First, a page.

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Biochemistry. 1989 Nov 28;28(24):9521-7.

The missing nucleoside experiment: a new technique to study recognition of DNA by protein.

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Department of Chemistry, Johns Hopkins University, Baltimore, Maryland 21218.


We report a new technique for quickly determining which nucleosides in a DNA molecule are contacted by a sequence-specific DNA-binding protein. Our method is related to the recently reported "missing contact" experiment [Brunelle, A., & Schleif, R. F. (1987) Proc. Natl. Acad. Sci. U.S.A. 84, 6673-6679]. We treat the DNA molecule with the hydroxyl radical to randomly remove nucleosides. The ability of protein to bind to gapped DNA is assayed by gel mobility shift. Nucleosides important to protein binding are identified by sequencing gel electrophoresis. The missing nucleoside experiment can be used to scan a DNA molecule at single-nucleotide resolution in one experiment. The bacteriophage lambda repressor-OR1 and cro-OR1 complexes were analyzed to evaluate the method. For both proteins, the most important contacts are located in the protein monomer that binds to the consensus half of the operator. These contacts correspond well to those found by mutational studies, and in the cocrystal structure of the lambda repressor-operator. The missing nucleoside data show that the amino-terminal arms of lambda repressor make energetically important contacts with positions 7 and 8 and the central dyad base pair of the operator. The amino-terminal arm that makes the most extensive contacts to DNA appears to be the one that emanates from the repressor monomer that binds to the consensus half of the operator, in agreement with the cocrystal structure. The lambda cro protein does not have an amino-terminal arm, and the missing nucleoside experiment clearly shows a lack of contacts to DNA in the central region of the operator in this complex.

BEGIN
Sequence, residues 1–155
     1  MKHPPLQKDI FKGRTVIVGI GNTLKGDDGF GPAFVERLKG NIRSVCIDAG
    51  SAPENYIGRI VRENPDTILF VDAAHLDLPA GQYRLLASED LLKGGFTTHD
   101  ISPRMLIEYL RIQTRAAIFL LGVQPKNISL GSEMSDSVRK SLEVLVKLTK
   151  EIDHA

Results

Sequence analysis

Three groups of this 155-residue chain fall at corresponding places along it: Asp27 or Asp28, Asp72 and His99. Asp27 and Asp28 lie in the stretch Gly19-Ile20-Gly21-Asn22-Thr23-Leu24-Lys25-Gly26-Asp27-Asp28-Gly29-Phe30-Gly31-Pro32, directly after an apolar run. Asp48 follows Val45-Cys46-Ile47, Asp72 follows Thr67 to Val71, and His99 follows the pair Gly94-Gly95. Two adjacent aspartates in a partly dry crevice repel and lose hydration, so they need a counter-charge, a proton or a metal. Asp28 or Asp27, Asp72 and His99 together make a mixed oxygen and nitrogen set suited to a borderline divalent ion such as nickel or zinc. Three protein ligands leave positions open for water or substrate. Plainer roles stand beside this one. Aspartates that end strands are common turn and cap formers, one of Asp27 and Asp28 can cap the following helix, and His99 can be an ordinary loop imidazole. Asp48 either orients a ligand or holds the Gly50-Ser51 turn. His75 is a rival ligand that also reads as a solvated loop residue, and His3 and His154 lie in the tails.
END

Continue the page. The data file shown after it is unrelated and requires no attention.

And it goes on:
[Indexed for MEDLINE]

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